I believe they don't know many concepts, cars systems especially. No Bull.
It is easy to see if they fitted Wedges to correct camber by work done on front U bolts and there is suddenly shims in there. If dirt still there no caster done. They would cost some $$$$$'s anyway, Plus $$$$'s for fitting, so it seems they didn't do the caster at all. They didn't fit caster/camber correction kit to the swivel hub bearings either, much bigger job and more than they could handle, so nothing done on the Camber issue if not already correct. That ONLY leaves the toe in to be done, which can almost be done blindfold and requires little gear. If tyres were not scrubbing on inside or outside then it didn't require any adjustment. $88 for an alignment is standard cost but easy easy easy money as they didn't have to do much if anything.
Unless you remove the drag link ball joint, ie, apart, and determine the centre of steering box position first, and with wheels in the normal running straight position, adjust the Drag link to where the ball joint taper now is and can slip into the steering arm of box. Then all should be centralized and steering wheel straight. Pedders didn't do that either. So really, NO ALIGNMENT was done. Toe in/out adjustment is a part of wheel alignment but simple simple to do. The is no way they tested it on road and at speed to check if the dynamics of anything they may have done, is as it should be.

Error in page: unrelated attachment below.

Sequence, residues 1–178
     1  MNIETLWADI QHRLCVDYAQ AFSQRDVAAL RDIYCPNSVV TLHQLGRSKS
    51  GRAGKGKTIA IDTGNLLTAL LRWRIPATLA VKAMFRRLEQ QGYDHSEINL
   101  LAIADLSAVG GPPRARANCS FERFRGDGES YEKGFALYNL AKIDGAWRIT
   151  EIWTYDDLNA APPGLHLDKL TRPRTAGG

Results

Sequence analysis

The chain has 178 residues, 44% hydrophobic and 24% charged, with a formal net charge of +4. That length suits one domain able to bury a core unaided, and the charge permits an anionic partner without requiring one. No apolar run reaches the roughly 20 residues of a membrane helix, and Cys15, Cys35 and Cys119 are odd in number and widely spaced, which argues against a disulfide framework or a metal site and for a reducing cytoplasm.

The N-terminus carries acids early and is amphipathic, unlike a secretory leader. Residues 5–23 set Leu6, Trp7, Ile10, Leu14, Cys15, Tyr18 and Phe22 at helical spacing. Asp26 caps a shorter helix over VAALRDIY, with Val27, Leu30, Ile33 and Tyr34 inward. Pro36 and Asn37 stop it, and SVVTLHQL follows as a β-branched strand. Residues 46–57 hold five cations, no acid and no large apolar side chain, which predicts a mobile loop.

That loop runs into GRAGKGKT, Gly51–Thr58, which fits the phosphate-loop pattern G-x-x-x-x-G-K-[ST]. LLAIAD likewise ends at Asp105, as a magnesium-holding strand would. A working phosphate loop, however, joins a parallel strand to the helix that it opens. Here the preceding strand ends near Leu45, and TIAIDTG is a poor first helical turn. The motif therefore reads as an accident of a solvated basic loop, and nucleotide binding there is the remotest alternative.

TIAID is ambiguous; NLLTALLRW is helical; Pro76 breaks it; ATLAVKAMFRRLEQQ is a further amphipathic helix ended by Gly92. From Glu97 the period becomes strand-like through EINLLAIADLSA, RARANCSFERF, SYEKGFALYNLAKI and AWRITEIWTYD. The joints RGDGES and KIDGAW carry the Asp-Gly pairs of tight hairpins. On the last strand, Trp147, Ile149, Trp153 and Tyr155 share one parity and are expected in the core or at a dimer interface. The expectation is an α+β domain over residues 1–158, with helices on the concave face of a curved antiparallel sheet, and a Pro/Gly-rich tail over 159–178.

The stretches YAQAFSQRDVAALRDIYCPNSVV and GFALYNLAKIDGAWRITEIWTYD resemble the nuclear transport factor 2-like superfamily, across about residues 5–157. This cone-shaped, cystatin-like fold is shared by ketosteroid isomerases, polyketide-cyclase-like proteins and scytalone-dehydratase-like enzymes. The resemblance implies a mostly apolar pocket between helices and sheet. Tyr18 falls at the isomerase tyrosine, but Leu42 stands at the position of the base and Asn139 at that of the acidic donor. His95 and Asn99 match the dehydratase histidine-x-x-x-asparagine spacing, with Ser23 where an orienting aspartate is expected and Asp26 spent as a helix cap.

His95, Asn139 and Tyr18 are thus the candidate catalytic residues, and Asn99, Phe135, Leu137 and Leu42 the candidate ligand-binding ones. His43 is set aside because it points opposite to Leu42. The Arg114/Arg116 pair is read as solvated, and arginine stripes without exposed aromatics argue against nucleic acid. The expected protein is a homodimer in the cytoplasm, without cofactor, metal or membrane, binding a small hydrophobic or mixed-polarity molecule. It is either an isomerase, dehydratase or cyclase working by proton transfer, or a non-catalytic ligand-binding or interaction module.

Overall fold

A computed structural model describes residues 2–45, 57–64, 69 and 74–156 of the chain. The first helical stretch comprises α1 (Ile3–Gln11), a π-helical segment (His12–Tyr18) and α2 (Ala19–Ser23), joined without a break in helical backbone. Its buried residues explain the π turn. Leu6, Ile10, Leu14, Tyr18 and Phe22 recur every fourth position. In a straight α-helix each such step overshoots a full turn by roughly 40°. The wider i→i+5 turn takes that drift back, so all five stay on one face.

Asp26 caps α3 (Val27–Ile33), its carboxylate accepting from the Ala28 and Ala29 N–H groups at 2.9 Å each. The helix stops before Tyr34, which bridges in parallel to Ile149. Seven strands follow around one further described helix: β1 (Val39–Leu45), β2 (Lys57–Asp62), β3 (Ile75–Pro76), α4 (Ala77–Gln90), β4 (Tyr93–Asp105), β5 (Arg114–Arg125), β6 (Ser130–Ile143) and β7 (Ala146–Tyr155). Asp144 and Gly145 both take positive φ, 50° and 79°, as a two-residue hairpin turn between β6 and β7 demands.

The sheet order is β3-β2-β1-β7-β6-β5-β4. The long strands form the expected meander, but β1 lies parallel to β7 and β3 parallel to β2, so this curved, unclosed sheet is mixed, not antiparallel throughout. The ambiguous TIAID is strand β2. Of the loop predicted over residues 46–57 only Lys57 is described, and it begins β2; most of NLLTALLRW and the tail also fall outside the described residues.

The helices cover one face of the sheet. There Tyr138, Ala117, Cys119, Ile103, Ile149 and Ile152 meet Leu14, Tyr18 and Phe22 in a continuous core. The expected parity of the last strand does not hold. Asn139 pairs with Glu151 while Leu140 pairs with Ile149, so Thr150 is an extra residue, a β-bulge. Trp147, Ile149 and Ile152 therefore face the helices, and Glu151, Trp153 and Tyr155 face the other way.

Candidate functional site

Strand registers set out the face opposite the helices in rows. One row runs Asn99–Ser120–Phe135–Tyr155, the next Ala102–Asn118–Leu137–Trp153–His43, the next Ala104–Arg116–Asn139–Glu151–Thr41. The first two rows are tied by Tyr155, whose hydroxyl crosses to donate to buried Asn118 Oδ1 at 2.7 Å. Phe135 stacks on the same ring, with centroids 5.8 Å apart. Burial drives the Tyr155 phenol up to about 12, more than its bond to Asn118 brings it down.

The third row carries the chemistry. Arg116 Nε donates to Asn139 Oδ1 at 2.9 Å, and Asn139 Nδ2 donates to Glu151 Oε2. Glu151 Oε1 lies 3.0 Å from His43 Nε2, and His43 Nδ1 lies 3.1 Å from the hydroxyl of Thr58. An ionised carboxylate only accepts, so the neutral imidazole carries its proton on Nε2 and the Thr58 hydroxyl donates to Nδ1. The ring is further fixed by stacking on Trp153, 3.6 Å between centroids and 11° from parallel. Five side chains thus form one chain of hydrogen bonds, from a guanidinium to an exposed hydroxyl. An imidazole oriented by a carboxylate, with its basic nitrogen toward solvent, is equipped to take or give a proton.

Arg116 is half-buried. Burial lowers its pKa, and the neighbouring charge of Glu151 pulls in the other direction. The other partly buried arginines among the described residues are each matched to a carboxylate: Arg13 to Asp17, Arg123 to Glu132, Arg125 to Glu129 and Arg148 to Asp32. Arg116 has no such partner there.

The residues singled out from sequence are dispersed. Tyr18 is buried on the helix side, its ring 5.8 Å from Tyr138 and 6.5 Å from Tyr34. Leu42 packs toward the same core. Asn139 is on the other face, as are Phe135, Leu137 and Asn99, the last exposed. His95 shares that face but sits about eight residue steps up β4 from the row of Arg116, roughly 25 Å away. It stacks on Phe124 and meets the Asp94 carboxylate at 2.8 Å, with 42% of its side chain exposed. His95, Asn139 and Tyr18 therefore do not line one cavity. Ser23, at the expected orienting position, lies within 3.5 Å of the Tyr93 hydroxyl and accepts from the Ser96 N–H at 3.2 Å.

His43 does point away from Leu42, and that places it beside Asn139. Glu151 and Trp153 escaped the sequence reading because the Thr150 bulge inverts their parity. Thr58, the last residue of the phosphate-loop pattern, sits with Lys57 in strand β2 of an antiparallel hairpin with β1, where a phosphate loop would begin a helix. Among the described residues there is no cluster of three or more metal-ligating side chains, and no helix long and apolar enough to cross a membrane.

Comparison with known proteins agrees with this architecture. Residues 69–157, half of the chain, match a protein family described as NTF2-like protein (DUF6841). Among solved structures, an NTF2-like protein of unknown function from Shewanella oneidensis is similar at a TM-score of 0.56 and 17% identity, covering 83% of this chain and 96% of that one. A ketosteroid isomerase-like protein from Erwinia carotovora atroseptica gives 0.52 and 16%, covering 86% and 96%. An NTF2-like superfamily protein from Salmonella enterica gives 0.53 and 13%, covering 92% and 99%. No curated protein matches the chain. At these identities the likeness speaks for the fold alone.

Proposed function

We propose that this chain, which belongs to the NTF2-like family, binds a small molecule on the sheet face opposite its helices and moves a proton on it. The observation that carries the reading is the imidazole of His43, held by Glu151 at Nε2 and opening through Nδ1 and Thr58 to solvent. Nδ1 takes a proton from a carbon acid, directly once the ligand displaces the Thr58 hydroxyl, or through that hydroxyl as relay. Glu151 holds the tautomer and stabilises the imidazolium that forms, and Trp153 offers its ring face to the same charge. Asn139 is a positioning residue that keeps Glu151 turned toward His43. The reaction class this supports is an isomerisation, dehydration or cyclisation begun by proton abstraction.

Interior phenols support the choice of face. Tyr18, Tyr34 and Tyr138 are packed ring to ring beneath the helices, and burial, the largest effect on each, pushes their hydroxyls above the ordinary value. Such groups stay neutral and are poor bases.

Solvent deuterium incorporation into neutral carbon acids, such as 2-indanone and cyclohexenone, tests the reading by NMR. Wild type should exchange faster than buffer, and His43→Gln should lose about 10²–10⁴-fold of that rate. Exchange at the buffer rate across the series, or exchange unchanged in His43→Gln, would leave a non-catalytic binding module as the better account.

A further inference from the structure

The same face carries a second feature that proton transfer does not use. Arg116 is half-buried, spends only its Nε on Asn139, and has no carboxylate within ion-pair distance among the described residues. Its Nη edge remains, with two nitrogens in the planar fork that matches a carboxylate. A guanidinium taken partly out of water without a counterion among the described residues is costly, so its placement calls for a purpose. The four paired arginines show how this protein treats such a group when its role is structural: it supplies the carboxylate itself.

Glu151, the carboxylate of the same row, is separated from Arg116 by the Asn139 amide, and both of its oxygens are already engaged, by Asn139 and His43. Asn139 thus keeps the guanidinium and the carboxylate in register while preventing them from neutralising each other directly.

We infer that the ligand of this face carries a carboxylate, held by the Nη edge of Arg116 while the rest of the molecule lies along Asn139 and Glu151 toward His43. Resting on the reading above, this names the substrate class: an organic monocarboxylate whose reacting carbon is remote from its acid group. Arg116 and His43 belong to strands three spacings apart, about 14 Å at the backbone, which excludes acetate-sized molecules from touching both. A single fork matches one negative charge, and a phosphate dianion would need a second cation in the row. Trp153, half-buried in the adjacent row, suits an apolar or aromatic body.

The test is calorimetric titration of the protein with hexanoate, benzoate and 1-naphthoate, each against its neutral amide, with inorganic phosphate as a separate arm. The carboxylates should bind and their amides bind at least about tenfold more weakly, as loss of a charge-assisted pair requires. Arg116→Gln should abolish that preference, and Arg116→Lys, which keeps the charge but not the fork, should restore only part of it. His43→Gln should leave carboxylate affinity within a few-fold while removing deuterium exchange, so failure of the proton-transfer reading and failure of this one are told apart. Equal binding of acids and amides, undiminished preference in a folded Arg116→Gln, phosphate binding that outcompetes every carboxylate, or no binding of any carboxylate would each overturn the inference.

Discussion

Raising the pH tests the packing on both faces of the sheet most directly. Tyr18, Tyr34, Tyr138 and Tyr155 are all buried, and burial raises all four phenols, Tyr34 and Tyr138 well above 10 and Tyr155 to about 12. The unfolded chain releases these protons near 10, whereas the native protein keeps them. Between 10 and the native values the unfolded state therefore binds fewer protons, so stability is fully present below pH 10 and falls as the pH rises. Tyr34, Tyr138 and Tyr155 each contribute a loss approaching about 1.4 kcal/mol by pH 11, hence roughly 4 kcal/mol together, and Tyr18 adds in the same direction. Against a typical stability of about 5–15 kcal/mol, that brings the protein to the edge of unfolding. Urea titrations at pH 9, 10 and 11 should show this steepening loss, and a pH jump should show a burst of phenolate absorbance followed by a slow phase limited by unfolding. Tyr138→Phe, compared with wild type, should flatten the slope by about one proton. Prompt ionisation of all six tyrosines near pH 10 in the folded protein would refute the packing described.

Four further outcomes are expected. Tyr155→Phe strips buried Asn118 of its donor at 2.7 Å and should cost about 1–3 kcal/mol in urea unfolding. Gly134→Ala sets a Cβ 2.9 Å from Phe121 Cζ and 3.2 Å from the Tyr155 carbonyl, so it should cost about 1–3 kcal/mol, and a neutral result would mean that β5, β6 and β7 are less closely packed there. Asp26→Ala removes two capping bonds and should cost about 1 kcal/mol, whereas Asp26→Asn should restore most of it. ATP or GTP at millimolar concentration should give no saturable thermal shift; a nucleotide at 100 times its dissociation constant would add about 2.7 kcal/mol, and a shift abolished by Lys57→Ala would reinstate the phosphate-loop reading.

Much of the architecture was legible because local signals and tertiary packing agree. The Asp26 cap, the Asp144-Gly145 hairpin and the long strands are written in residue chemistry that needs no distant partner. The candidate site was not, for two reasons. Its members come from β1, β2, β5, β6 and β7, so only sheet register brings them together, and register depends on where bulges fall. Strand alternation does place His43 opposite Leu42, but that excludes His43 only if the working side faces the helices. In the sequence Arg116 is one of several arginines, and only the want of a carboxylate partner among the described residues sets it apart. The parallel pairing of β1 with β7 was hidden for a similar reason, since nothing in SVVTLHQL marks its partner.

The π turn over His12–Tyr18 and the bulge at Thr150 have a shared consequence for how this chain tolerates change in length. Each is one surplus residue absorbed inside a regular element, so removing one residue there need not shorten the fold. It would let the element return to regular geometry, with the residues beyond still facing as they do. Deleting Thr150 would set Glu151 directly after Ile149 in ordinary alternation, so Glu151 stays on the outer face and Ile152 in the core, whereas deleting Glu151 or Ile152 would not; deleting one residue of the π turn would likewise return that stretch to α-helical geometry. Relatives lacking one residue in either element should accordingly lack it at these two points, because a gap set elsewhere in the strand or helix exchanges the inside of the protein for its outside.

In straight ahead position - With one straight edge/ straight RHS tube across the face of the wheels to a metre in front and rear of wheel faces and measuring with a tape measure for the toe in amount. Should be almost nothing. Adjust tie rod if needed. If steering position alters, drag link adjusted appropriately.
Most of them, if not all are not mechanics. My local Pedders only had one person who was qualified.

PS. The steering box adjustment has to be done with wheels UP or even better, drag link off, so a fine adjustment can be done in relation to binding if excessive wear is present. Steering boxes are specially made with the sector teeth "centre high" so that area can wear in central area, be adjustable, and not bind up when turning to lock either side. Aussie vehicles always will tend to get tight when turning left if adjustment for excessive wear exceeds the OE design limits of adjustment. After adjustment make sure you test any steering movement fully, before road testing.

I hope they didn't get the steering wheel straight by taking it off and relocating it on the splines. Extremely Shonky if so. If no drag link adjustment by them, then how did they get the steering wheel better??????? Impossible.